You do not ask a tame seagull why it needs to disappear from time to time toward the open sea. It goes, that’s all, and it is as simple as a ray of sunshine, as normal as the blue of the sky.
—Moitessier, The Long Way
The ‘Anne’ bobs lightly in the green water of the Hudson off Hoboken. “You’re looking at the boat that completed the longest sea voyage in history!” Reid often shouts to visitors who wander by, to which one visitor responded drily, “It looks it.”
“I know, and I wouldn’t change a thing!” Reid answered brightly.
The Anne’s not seaworthy at the moment. Ropes need replacing, masts need repairing, and winches have seized with salt and rust. Reid has months of repairs ahead of him, but he’s not discouraged. “Sometimes I look around New York and think I may be the only person in the city living in a home I built with my own hands,” he says proudly. Soanya and Darshen, who’d been staying with her family, are also now living on the Anne. Darshen is a bubbly and curious toddler, and he finds the schooner to be a fascinating playground. He rambles fearlessly over wooden steps and ledges, exploring the enticing corners and nooks, his legs dotted with red bites where mosquitoes snuck through the netting under which they all sleep. On hot days, of which there were plenty this summer, Darshen plays under a blue plastic tarp that Reid’s strung over the cockpit, splashing in a large, translucent plastic bin half-full of water, which serves as a makeshift kiddie pool.
Reid’s driver’s license expired while he was at sea, so when he needs to run errands, he rides his bike to the nearby path station to go to the dentist, or the bank, or to photocopy the hundreds of pages of journals he kept, a job that takes two hours and leaves him so antsy, standing next to that rattling machine, that he starts doing yoga squats in the copy shop.
One day, the family needed to get off the boat for a few hours, while one of Reid’s friends worked on sanding and revarnishing the deck. When they returned, Soanya was worried about all the fiberglass dust. “Fiberglass dust is toxic!” she said.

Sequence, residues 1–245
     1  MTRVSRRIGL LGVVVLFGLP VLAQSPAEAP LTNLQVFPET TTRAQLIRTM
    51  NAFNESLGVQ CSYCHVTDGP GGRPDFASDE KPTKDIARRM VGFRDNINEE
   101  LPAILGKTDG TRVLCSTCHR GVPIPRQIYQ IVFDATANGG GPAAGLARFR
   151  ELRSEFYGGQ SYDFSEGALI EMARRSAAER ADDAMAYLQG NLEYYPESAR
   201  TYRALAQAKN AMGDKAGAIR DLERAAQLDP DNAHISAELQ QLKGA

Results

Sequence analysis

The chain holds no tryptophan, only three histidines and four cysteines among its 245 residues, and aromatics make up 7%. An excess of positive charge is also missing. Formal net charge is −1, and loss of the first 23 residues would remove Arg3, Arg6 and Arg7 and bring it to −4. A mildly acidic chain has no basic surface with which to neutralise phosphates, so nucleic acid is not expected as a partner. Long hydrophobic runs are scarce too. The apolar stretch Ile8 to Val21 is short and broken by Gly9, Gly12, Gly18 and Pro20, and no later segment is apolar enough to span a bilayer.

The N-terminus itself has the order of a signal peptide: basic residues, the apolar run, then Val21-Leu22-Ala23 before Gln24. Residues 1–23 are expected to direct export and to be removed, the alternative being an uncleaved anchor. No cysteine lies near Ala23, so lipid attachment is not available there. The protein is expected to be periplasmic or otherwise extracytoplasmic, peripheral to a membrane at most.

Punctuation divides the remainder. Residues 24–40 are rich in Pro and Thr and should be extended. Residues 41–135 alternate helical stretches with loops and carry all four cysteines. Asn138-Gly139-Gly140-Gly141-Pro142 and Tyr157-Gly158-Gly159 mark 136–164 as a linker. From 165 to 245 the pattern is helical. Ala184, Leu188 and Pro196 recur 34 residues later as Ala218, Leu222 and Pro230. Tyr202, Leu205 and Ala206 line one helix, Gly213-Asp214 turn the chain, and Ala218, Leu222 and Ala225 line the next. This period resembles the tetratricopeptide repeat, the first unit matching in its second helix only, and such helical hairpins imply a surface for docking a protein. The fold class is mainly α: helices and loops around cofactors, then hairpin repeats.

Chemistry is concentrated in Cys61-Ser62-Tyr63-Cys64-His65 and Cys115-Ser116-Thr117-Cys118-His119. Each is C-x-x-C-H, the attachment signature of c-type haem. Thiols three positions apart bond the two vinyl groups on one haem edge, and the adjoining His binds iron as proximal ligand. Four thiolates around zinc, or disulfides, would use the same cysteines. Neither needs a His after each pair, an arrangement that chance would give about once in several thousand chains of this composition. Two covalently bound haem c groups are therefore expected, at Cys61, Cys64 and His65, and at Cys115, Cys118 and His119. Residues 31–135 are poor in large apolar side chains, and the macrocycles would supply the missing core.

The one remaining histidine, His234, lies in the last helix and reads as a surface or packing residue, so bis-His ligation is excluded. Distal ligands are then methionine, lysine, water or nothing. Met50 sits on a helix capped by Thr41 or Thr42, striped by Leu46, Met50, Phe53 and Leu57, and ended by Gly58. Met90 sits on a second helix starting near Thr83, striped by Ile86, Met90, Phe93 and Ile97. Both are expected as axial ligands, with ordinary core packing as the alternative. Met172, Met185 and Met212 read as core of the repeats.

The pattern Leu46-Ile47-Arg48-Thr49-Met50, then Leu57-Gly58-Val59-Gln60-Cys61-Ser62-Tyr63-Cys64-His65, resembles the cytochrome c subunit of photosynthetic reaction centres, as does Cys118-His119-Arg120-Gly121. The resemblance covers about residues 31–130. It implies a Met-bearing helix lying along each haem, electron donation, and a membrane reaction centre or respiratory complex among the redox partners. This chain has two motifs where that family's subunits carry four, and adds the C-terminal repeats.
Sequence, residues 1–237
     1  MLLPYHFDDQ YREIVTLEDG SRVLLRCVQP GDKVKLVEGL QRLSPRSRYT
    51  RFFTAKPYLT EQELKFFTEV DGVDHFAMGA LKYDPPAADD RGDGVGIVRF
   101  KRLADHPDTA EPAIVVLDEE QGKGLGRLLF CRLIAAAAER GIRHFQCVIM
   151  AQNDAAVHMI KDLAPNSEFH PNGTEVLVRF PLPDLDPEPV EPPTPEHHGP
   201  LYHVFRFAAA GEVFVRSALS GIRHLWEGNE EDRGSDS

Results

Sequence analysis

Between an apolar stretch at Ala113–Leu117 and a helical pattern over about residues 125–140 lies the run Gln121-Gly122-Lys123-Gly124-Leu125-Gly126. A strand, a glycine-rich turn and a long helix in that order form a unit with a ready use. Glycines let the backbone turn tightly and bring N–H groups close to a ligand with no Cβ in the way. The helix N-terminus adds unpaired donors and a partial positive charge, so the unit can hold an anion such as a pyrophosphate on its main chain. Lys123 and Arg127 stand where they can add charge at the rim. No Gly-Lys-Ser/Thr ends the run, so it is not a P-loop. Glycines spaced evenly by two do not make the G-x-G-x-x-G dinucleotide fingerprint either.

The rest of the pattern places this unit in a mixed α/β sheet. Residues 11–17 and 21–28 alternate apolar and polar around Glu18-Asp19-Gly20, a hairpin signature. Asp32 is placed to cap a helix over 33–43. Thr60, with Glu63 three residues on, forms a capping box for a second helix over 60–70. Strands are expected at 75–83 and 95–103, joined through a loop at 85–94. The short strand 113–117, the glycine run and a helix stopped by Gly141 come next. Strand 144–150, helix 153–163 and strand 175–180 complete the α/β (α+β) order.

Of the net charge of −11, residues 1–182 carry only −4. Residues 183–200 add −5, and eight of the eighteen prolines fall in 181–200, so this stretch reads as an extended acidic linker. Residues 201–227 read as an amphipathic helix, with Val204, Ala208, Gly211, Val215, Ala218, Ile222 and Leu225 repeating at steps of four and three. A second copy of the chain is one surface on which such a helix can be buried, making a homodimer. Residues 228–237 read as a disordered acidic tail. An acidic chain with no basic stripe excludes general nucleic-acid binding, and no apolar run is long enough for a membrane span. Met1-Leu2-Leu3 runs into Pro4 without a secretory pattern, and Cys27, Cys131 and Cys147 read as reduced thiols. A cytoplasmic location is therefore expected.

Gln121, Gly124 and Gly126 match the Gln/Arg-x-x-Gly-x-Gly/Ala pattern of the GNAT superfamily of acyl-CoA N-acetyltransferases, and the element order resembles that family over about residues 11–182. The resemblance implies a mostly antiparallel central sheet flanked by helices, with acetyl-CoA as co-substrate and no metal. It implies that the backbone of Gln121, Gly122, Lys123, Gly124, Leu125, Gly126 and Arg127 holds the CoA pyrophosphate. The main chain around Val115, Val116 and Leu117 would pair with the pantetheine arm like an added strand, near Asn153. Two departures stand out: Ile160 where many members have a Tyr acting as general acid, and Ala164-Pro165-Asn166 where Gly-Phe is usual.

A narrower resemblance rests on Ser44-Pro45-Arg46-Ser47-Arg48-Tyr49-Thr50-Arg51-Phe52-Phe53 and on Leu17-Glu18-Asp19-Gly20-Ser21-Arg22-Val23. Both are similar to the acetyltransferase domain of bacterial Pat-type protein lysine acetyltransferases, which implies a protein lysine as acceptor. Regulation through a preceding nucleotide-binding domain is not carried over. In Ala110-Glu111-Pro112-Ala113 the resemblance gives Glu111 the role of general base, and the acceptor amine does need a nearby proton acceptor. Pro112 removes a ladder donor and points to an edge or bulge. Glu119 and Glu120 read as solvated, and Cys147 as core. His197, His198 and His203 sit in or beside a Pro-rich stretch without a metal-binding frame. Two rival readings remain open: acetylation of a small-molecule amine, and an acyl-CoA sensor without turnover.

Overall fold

Darshen lunged toward his wading pool, reaching to splash in the water.
“Darshen, don’t put that water in your mouth!” she called out.
“There’s no dust in there. Do you see any dust in there?” Reid said.
“I don’t need to see it! If it got in, it got in.”
“Do you want me to pour it out?”
“Yes, I think you should.”
And over the water went into the river.
Reid is gradually adjusting to being a father. Darshen is gradually warming up to Reid. Reid has a full-grown daughter, Viva, from a previous relationship, who also had a baby while Reid was away, his first grandchild; his daughter and granddaughter greeted him on the pier when he returned. Previously, though, Reid’s life was sailing and everything else was secondary. The only thing you could count on was that, one day, he’d sail away again. Now he’s ready to be a family man. One of his recent chores was to cut and hang a perimeter of black netting all around the deck, to make sure that Darshen wouldn’t wander away and accidentally fall overboard.
While Reid was at sea, and Soanya was raising Darshen alone, the two of them would talk by satellite phone, their voices seeming scratchy and faraway. Sometimes she would put Darshen on. But Darshen had only an abstract idea of where his father was, or even what “father” meant at all. If someone showed him a picture of a sailboat in a book, he’d point to it and say “Daddy.”
During his thousand days at sea, Reid survived one collision (Day 15: with a freighter, which grazed the Anne) and one really bad storm (Day 659: a monster wave upended the Anne and knocked Reid unconscious in the galley; he suspected the boat had rolled completely over because, when he came to, rice was stuck to the ceiling). But the worst day, he thinks now, was the day when Soanya decided she had to quit.
After she left, Reid started to despair that the voyage was hopeless. The Anne was damaged. The work was endless. The sails were shredding. He’d sew them by hand and they’d shred again. Eventually Reid pulled down all but one of his sails. He stopped setting courses and let the wind take him where it might. The pain in his arms from the constant work got so bad it started to wake him up at night. He prayed for God to send Jesus and the Buddha to heal him. Then he had a vision: Jesus came and laid his hand on Reid’s left arm and the Buddha appeared and laid hands on his right arm. And God appeared to Reid and he was 60 years old with a long white beard, just like in old Italian paintings. At one point, the vision changed and Reid saw floating there in front of him an enormous platter of barbecued spare ribs. But he refocused and the ribs vanished and Jesus and Buddha reappeared and the ship lurched and God and Jesus and Buddha all bumped heads. Then the Buddha turned to Reid and winked at him.